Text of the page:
-----Original Message----- 
From: Steve 
Sent: Wednesday, November 07, 2012 8:57 PM
Subject: Yet another Texas Hotdog Sauce request

Sorry to do this to you but i'm looking for a specific Texas wiener sauce 
recipe.  My parents grew up in a small town just north of Altoona, PA. 
Whenever we would visit my grandparents in the 60s and 70s we would stop at 
a place called appropriately enough "Texas Hot dogs" on PA 220. I can still 
taste them today. That place has been closed for close to 30 years now, but 
legend has it that it was owned by the brother of the owner of the original 
Texas Hot dogs that still exists today in downtown Altoona. They opened in 
1918.  A family feud in the 50s led to the split.  I've had their dogs as 
well and I think it is the same recipe.  Below is a link to a newspaper 
article about the place. Any luck in finding their secret would be 

Thanks, Steve

Hello Steve,

No luck. This is another one of those "secret recipes", that you just can't find. They're usually what's called a "Greek" style sauce. The owners of such places don't give out their secret recipes. The recipe is usually handed down within families or is sometimes sold. The owners quite often make the sauce themselves in big batches, and they won't even tell their employees the recipe. Also, chili sauces for hot dogs usually contain lots of ingredients, and the large number of ingredients makes it extremely difficult to create a copycat recipe. There are a few "Texas style hot dog sauce" recipes on the web, but nothing from Altoona. See below for a couple. Perhaps you can start with them and tweak them to your liking.


Texas Wieners Chili Sauce

1 lb. ground beef
1 med. onion, chopped
1 clove garlic
1/2 qt. water
6 oz. tomato paste
2 tsp. chili powder
2 tsp. paprika
2 tsp. cumin
1 tsp. oregano
1/2 tsp. cinnamon
1/2 tsp. all spice
1/4-1/2 tsp. cayenne (optional)

Sauté onion and garlic till transparent
add beef and brown,when done drain off grease
add water tomato paste and bring to boil
add remaining ingredients and simmer at least an hour
Texas Weiner Sauce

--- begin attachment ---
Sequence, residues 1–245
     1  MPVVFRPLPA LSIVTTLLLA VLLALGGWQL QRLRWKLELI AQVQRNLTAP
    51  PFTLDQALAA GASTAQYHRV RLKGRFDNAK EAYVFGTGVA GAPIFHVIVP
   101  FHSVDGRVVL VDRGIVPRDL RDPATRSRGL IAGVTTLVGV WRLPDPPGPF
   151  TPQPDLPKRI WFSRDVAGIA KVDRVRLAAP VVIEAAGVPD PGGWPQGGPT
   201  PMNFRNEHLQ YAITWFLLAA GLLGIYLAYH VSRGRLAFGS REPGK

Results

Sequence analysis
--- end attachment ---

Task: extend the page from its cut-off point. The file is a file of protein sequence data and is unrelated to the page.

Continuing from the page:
2 lbs ground beef
2  8 oz cans tomato paste
2 cups water
1 tsp ginger
1 tbsp. cumin
1 1/2 tbsp chili powder
3/4 tbsp paprika
3/4 tsp onion powder
1/2 tsp garlic salt
1/2 tsp celery seed
1/4 tsp cinnamon
1/2 tsp nutmeg
1 tsp salt
1 tsp ground pepper
6 oz Heinz ketchup
2 tbsp spicy brown mustard
1 tsp Worcestershire sauce
1 cup finely chopped onion and another 2 cups that do not go into the recipe.

The process is just as important as the ingredients, so please do not try to rush this.
1) Put all measured dry ingredients above into a small bowl and mix well, set aside.
2) Brown the ground beef while breaking it into the smallest pieces possible, 
    drain most of the grease, leave a little.
3) Add tomato paste and water directly to the pan with the beef, medium heat, combine well.
4) Sprinkle all dry ingredients evenly into beef/tomato paste mixture while keeping 
    a medium to low heat.
5) Add all other remaining ingredients to pan and stir/mix well. Remember, only 1 cup onion 
   goes in.
6) Slow simmer for at least 1 hour, adding water as necessary so as not to dry out or burn.

Your final sauce should have enough consistency so it does not drip or get too runny, yet 
thin enough not to clump into a ball.

Hot dogs should be deep fried until the outside has a bit of a snap when biting into it.

Open hot dog bun and put about 1 tbsp chopped onion evenly down center from end to end, 
add hot dog, then top with all-the-way sauce until dog is covered. EAT.